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Kidney Int. 2000 Jan;57(1):258-64.

Remission, relapse, and re-remission of proliferative lupus nephritis treated with cyclophosphamide.

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1
Division of Clinical Care Research, Department of Medicine, Tufts University School of Medicine, Boston, MA, USA.

Abstract

Remission, relapse, and re-remission of proliferative lupus nephritis treated with cyclophosphamide.

BACKGROUND:

Long-term intravenous cyclophosphamide (IVC) in combination with corticosteroids is standard therapy for proliferative lupus nephritis, but it has limitations. There are few data on long-term remission rates, predictors of relapse, and the ability to achieve a second remission with currently recommended IVC regimens.

METHODS:

A cohort of 85 patients with proliferative lupus glomerulonephritis (focal N = 33, diffuse N = 52) treated with IVC was assembled in three institutions. Timing and predictors of remission, relapse, and re-remission were evaluated with Kaplan-Meier analyses and Cox models.

RESULTS:

The median time to remission was 10 months, whereas an estimated 22% of patients had not remitted after 2 years. The median time to relapse among 63 patients who had achieved remission was 79 months. In multivariate models, adverse predictors of remission were a delay in the initiation of therapy from the time nephritis was clinically diagnosed [hazard ratio (HR) 0.58, P = 0. 063] and a higher amount of proteinuria (HR 0.86 per 1 g/24 hours, P = 0.014). Predictors of earlier relapse for patients entering remission included a longer time to remission (HR 1.029 per month, P = 0.025), a history of central nervous system involvement (HR 8.41, P = 0.002), and World Health Organization histology (P = 0.01). Among the 23 patients who relapsed during follow-up, the median time to re-remission was 32 months, and with three exceptions, all patients took substantially longer time to remit the second time compared with their first remission (P = 0.01). The time to re-remission was longer in patients who had taken longer to remit the first time (HR 0.979 per month, P = 0.16), in patients who had relapsed earlier after the first remission (HR 1.071 per month, P = 0.002), and in those with evidence of chronicity in the original kidney biopsy (P = 0.015).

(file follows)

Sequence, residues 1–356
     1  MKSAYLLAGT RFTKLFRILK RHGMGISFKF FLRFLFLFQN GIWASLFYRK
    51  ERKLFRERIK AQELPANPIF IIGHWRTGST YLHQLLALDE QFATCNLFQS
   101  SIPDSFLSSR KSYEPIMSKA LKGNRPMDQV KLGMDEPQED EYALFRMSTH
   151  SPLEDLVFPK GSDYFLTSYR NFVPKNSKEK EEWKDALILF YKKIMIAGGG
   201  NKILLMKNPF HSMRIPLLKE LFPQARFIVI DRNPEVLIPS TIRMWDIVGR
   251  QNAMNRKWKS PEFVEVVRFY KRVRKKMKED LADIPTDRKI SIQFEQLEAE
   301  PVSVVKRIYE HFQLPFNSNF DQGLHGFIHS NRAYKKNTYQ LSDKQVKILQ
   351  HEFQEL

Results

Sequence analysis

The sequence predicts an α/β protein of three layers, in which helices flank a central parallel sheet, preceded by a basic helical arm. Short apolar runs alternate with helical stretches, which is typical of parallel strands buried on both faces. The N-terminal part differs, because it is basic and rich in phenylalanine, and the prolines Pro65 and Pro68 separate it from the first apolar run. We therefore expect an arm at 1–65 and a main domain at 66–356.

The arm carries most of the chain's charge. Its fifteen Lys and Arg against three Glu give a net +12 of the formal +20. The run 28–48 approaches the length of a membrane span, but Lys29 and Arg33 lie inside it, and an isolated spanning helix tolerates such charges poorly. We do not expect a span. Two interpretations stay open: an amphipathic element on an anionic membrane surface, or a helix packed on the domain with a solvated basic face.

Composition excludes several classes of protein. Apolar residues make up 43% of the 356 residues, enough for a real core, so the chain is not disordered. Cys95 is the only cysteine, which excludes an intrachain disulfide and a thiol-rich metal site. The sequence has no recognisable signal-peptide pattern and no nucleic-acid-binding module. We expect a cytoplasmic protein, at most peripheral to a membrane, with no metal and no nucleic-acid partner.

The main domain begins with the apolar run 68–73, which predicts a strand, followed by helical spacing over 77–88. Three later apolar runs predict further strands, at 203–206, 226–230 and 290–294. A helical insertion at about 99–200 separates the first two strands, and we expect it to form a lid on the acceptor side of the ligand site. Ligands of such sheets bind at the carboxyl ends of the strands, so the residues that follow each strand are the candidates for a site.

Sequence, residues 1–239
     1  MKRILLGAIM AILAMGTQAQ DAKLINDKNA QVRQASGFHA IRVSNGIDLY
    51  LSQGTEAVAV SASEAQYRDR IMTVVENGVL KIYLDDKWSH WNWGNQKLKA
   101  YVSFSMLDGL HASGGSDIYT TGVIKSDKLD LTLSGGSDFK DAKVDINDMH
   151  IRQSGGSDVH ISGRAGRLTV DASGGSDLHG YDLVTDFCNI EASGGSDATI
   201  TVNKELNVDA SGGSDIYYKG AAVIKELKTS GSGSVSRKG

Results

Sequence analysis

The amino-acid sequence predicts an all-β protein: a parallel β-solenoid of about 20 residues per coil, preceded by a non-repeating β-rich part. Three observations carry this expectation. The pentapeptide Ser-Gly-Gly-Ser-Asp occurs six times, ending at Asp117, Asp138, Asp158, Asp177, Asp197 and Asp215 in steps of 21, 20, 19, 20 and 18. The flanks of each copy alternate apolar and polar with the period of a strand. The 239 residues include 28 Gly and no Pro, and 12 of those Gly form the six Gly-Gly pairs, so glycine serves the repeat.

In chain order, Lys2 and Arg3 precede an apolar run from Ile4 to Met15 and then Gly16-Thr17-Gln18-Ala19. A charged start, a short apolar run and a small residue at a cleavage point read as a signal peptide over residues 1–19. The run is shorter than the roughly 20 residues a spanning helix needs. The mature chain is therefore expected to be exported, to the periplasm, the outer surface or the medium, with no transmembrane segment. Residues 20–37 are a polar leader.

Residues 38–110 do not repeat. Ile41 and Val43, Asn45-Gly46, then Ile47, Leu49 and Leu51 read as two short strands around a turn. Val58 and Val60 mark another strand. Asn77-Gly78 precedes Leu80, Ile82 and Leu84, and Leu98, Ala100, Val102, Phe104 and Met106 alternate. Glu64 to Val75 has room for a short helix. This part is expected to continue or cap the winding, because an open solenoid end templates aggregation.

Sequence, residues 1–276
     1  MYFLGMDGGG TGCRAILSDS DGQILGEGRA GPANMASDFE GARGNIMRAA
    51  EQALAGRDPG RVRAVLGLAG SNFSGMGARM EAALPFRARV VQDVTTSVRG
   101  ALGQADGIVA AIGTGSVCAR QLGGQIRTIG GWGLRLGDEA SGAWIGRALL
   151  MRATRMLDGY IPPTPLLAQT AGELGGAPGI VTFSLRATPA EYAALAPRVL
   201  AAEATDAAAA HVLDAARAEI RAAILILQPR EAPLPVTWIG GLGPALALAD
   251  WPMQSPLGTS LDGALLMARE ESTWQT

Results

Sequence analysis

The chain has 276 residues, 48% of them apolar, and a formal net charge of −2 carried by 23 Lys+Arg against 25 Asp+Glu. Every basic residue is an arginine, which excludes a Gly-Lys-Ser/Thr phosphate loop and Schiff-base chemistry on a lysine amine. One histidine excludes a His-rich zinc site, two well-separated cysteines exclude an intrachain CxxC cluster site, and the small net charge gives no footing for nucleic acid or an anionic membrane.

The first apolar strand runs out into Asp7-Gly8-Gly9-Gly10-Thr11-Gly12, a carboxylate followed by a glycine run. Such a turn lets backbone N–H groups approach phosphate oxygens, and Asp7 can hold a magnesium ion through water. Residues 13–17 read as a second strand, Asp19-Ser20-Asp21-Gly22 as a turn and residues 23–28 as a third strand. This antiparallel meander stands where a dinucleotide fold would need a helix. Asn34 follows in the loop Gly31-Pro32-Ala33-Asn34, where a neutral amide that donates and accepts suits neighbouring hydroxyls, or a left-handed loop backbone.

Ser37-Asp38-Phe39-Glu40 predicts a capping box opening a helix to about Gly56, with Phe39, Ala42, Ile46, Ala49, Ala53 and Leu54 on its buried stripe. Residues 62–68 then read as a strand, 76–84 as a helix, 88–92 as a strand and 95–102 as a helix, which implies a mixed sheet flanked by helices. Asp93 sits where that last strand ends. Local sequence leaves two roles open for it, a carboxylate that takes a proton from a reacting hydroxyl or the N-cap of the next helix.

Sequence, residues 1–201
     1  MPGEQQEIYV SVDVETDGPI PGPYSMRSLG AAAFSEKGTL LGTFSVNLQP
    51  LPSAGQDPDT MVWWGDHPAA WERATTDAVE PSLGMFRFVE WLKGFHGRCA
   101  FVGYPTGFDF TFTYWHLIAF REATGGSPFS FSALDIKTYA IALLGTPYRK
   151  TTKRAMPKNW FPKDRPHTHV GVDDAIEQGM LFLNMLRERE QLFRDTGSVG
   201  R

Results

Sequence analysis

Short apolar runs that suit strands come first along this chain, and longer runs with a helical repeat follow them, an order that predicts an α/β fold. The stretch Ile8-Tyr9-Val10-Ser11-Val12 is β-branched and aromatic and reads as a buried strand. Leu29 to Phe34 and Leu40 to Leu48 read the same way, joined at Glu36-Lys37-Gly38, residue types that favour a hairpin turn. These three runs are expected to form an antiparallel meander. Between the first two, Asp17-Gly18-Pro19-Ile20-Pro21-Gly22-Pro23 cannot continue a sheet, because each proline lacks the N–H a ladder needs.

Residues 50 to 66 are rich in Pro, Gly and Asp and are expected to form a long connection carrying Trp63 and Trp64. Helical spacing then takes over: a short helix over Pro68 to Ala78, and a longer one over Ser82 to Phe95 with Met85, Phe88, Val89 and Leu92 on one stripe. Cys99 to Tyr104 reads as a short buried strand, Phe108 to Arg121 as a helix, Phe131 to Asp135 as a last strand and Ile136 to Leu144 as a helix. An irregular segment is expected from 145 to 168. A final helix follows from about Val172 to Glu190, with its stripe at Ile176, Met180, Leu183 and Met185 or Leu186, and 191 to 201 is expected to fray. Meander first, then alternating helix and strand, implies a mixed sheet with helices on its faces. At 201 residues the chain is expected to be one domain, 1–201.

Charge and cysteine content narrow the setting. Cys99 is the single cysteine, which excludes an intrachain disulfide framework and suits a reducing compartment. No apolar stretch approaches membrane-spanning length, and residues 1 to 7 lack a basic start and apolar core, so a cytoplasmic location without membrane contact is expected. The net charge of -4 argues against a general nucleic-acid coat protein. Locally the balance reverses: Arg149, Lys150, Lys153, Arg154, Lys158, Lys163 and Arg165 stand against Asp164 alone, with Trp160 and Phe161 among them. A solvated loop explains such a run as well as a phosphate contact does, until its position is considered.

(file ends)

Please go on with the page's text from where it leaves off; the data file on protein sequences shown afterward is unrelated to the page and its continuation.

CONCLUSIONS:

Prolonged courses with a cumulative risk of toxicity are needed to achieve remission in many first-treated patients and in most patients treated for a second time. The optimal management of patients with identified adverse predictors of response needs further study.

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